I don't know if this question is kind of vague. But i was wondering like in the reaction of saponification of ester, where you have a base like OH- directly attacking the carbonyl carbon, can you also have a base like OH- attack the carbonyl carbon atom and then protonate the O- atom to create like a hydrate? Or does the base prefer attack hydrogen of alpha carbon of ketone and aldehyde? I am kind of confused about when a enol is create and when a hydrate is created since both of them can be formed by a base. So, hence I ask this question.


Ester hydrolysis and the soap-making process

In aqueous solution, esters are subject to hydrolysis to the corresponding carboxylic acid and alcohol components:


Hydrolysis is, the reverse of the esterification reaction. The addition of base accelerates ester hydrolysis because the nucleophile is a hydroxide ion, which is much more reactive than a water molecule.


Enol formation

The a-protons of carbonyls, are somewhat acidic, because the negative charge on the conjugate base is stabilized by resonance with the carbonyl oxygen. In the formation of an enol, a base abstracts an a-proton from a carbonyl compound, and that same proton (or a proton on a nearby acid group) is transferred to the carbonyl oxygen. The deprotonated form of an enol is an enolate.


However in this scenario I don't think an enolate will form in this case.

  • enol formation is favored in acidic environments rather than basic

The preffered route would be the first one above.


To avoid a bit confusion:

  • To avoid generalisation, the R1 group given on the ester can be anything from -C(CH2)3, in this case 2 alpha carbons and no alph hydrogen. (No enol possible)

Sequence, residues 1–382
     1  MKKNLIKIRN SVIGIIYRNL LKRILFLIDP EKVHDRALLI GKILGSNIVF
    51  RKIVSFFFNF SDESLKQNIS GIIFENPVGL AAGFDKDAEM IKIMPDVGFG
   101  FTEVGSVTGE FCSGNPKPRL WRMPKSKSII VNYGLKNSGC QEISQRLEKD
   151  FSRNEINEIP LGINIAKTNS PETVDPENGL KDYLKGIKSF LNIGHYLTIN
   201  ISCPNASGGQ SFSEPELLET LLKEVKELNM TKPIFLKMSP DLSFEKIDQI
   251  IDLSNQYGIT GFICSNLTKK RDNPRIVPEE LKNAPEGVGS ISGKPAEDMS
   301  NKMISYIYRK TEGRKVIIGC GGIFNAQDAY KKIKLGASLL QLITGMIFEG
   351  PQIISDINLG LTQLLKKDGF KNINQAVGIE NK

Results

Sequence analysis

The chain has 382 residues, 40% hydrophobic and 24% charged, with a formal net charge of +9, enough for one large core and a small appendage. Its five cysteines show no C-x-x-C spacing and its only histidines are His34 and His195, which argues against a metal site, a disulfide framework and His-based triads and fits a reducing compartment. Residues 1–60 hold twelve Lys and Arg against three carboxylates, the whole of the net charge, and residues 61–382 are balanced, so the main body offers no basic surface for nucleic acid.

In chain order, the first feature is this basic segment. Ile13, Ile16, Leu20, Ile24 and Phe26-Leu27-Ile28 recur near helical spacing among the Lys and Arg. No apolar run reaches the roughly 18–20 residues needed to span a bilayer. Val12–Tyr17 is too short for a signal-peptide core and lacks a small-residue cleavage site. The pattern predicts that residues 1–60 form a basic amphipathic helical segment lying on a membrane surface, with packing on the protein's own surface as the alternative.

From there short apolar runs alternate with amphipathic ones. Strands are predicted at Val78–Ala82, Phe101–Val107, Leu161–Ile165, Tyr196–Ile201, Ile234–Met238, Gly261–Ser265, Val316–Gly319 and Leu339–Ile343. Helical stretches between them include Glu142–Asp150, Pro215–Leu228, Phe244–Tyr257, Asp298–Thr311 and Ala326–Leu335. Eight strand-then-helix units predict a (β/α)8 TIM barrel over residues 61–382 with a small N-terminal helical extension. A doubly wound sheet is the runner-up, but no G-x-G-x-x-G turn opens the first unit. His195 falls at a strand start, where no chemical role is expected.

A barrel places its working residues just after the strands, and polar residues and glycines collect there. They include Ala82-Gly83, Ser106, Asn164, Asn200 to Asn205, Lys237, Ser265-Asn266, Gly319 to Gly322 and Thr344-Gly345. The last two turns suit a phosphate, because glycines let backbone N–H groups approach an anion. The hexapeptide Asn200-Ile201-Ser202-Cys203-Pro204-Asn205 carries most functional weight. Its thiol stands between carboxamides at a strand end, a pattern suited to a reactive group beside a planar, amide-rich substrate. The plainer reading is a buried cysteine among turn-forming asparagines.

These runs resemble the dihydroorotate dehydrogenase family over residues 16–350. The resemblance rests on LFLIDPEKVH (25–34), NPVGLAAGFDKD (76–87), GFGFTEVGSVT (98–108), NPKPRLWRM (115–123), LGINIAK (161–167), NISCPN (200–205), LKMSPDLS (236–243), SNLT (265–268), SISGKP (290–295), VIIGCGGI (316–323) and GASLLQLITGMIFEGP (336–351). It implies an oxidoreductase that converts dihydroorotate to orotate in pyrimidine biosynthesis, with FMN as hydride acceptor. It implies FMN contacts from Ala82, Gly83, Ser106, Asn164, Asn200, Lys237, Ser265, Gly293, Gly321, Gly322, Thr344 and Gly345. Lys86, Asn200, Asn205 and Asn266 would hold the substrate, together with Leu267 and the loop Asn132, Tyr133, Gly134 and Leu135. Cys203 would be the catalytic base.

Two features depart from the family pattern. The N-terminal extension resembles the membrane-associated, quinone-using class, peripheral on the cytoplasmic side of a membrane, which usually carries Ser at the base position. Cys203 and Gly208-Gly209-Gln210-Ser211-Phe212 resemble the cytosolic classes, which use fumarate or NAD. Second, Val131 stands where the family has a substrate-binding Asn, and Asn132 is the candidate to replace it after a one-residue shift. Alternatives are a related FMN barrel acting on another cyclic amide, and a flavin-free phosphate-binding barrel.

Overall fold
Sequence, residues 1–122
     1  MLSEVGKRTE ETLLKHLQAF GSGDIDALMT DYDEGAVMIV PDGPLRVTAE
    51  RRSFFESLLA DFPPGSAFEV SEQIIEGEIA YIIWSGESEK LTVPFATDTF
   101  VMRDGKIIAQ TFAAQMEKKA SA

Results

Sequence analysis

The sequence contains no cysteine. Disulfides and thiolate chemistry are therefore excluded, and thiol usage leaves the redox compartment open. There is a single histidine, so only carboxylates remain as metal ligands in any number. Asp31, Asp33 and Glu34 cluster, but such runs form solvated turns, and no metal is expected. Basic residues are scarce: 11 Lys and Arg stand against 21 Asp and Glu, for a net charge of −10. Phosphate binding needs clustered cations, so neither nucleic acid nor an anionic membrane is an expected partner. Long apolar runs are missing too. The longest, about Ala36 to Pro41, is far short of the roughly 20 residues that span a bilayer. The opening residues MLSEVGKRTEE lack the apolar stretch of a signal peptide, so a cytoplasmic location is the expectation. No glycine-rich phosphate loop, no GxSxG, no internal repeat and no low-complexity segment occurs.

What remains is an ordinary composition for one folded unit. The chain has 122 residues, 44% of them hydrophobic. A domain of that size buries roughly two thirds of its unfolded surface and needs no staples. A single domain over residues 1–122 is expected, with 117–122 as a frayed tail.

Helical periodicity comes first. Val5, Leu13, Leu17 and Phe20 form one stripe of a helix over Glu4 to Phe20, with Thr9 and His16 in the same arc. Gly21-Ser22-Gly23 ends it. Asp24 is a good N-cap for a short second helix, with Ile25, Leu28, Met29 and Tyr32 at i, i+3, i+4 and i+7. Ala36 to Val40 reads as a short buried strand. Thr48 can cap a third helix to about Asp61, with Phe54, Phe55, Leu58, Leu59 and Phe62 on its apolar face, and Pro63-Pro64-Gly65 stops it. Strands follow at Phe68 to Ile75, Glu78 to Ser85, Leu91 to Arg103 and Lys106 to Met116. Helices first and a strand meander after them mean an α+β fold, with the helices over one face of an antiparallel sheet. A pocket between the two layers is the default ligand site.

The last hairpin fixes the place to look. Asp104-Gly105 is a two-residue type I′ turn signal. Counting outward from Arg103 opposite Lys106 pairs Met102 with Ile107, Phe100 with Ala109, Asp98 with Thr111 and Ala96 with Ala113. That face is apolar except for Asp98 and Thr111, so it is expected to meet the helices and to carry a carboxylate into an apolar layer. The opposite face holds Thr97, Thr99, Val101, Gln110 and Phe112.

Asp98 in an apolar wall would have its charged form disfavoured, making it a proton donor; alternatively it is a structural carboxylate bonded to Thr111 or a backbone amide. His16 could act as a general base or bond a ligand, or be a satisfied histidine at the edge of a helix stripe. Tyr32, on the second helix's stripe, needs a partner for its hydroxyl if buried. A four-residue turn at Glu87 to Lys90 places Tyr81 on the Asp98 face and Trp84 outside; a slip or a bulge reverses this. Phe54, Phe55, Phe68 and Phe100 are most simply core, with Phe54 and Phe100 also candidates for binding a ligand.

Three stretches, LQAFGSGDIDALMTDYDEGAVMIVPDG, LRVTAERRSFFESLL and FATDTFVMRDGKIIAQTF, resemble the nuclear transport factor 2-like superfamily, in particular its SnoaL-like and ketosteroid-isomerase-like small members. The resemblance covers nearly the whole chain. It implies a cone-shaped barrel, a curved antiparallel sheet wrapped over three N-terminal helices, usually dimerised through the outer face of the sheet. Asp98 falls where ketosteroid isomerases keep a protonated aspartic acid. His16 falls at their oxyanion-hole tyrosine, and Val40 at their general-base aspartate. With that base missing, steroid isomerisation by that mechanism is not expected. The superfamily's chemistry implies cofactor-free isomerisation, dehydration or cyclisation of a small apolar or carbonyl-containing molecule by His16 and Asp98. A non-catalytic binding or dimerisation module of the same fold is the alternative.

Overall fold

• an alpha hydrogen may be there but reaction conditions won't favour enol formation.

Hope this clears doubts

  • 1
    $\begingroup$ Thanks for the response. But which compound do you mean by "no alpha proton on the carbon adjacent to the carbonyl group" Ester, aldehyde and ketone all have alpha carbon. $\endgroup$
    – TLo
    Apr 26 '17 at 22:11
  • $\begingroup$ @TLo, esters do form enols but, this hydrolysis reaction there wouldn't be an enol intermediate, due to reasons mentioned. These are typically seen in aldol addition reaction $\endgroup$ Apr 27 '17 at 4:15
  • $\begingroup$ Why enolate formation requires acidic medium although the base is attacking the hydrogen? $\endgroup$
    – Suraj S
    Apr 27 '17 at 4:24
  • $\begingroup$ @SurajS A base is a good nucleophile and tends to attact the carbonyl carbon directly $\endgroup$ Apr 27 '17 at 4:37
  • $\begingroup$ "Please not that I am making reference to the above reaction only (hydrolysis of esters). Some compounds can form enols in both mediums however, I am trying not to overgeneralise* $\endgroup$ Apr 27 '17 at 4:43

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